ManufacturingNovember 22, 2021

Redefining the future of space exploration

Space is entering a new era forged by visionary, risk-taking entrepreneurs. No…
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Rebecca Lambert
Rebecca Lambert is a skilled content creator and journalist based in the UK. Since she was a young girl, Rebecca has been captivating readers with her words, covering virtually any and every subject matter.

Space is entering a new era forged by visionary, risk-taking entrepreneurs. No longer the sole remit of national governments, the potential of space is now being tapped into by private companies from Elon Musk’s Space X to French-American startup Interstellar Lab, which is building closed-loop sustainable living stations for Earth and space. Together, they are redefining the future of space exploration.

The recent Compass image gallery “Space, commercialized” is a visual tour of several innovative approaches to space, including a fleet of affordable broadband satellites; new, cleaner ways to put payloads into space; low-cost 3D printed rockets; and closed-loop habitats that may eventually support life on Mars. But what you may not know: many of these incredible advances have been created with Dassault Systèmes technology.

LOW-COST SATELLITE LAUNCHERS: ZERO 2 INFINITY

Take Zero 2 Infinity. It’s the company behind the low cost, environmentally friendly satellite launcher called Bloostar, and it used the 3DEXPERIENCE platform on the cloud to develop it. Unlike conventional launchers, Zero 2 Infinity’s innovation splits the ascent to space into three phases. A balloon lifts the launcher up to the stratosphere. Then the launcher separates and ignites its rockets in a quasi-vacuum to blast into orbit. The Spanish company used applications on the 3DEXPERIENCE platform to design, simulate and test every component of the unique launcher, which reduces the costs of sending payloads into space. Through its partnership with the 3DEXPERIENCE Lab program, Zero 2 Infinity is gaining access to all the latest software capabilities, as well as ongoing mentoring from Dassault Systèmes experts.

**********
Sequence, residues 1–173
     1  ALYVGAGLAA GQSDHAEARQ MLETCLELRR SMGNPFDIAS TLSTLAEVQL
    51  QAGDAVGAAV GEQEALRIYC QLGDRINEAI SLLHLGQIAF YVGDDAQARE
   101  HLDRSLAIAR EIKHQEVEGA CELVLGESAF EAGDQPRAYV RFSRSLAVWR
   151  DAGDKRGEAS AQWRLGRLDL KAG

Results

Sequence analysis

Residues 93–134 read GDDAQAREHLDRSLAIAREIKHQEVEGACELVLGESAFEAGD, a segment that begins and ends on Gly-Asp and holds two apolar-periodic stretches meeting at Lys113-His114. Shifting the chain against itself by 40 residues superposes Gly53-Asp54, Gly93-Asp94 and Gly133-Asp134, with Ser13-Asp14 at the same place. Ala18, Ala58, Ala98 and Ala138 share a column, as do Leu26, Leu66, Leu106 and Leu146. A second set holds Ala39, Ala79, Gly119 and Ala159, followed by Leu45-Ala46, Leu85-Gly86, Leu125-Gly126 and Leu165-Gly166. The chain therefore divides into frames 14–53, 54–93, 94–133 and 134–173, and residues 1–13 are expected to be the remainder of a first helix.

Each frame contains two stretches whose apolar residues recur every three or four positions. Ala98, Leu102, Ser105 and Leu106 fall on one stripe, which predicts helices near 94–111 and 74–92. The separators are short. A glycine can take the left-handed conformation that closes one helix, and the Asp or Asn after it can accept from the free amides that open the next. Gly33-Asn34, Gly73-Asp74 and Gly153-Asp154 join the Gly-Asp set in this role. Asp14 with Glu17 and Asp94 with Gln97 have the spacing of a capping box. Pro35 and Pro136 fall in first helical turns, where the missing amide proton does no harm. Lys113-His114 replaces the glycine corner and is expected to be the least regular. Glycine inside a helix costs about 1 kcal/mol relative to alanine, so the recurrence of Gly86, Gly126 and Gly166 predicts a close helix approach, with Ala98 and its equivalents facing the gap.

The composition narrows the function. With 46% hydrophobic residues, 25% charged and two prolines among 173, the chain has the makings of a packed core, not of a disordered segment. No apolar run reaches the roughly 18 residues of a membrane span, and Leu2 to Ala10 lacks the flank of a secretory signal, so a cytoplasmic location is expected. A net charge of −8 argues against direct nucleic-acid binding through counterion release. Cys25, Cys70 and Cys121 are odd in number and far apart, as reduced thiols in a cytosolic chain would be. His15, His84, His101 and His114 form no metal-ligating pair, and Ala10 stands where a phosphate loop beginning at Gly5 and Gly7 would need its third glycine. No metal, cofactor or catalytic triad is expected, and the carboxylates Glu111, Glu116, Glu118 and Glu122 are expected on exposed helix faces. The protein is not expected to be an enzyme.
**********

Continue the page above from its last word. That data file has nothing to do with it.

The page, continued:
EXPERIMENTS IN MICROGRAVITY: YURI

German microgravity startup YURI also has its sights set on bringing space within closer reach of researchers on a budget. The company makes specialized hardware that transports cell cultures, plants or aquatic systems to the International Space Station, where they can be experimented on in microgravity. This hardware is designed using CATIA on the 3DEXPERIENCE platform. YURI’s engineers create detailed 3D models to define how the hardware will look and operate, and share concept proposals with clients. The team also uses lifecycle management functionality in ENOVIA to keep track of design changes, helping to prevent re-work further down the product development lifecycle. All of this helps YURI to stay on track with tight mission timeframes, ensuring that each experiment is ready for launch.

SETTLING ON MARS: INTERSTELLAR LAB

Back on Earth, Interstellar Lab is on a mission to develop closed-loop environments that could sustain life on Earth and other planets. The innovative French-American startup was founded by Barbara Belvisi, who believes that what we need to live on Mars could also help alleviate Earth’s climate crisis. Interstellar Lab’s unique environment-controlled pods generate and recycle food, air and water to support humans and plants in extreme conditions. The first module to be developed is a self-sustaining food production system called BioPod, which reduces the land and water needed to produce food on Earth by more than 99%.

All of the design and development processes for the pod were handled on the 3DEXPERIENCE platform on the cloud, supporting Interstellar’s team of scientists, engineers and architects with integrated applications that connect in real time. As the company brings more of its innovative pods to life, it will harness the 3DEXPERIENCE platform to create virtual experience twins – scientifically accurate digital models – of its physical assets. These will be used to manage all manufacturing, execution, operation and maintenance phases: crucial for large-scale deployment and monitoring the pods when they eventually go into space.

Want to learn more? Check out the Compass article and head to the Dassault Systèmes Aerospace & Defense industry page to discover which technologies are helping to make the next generation of space developments a reality.

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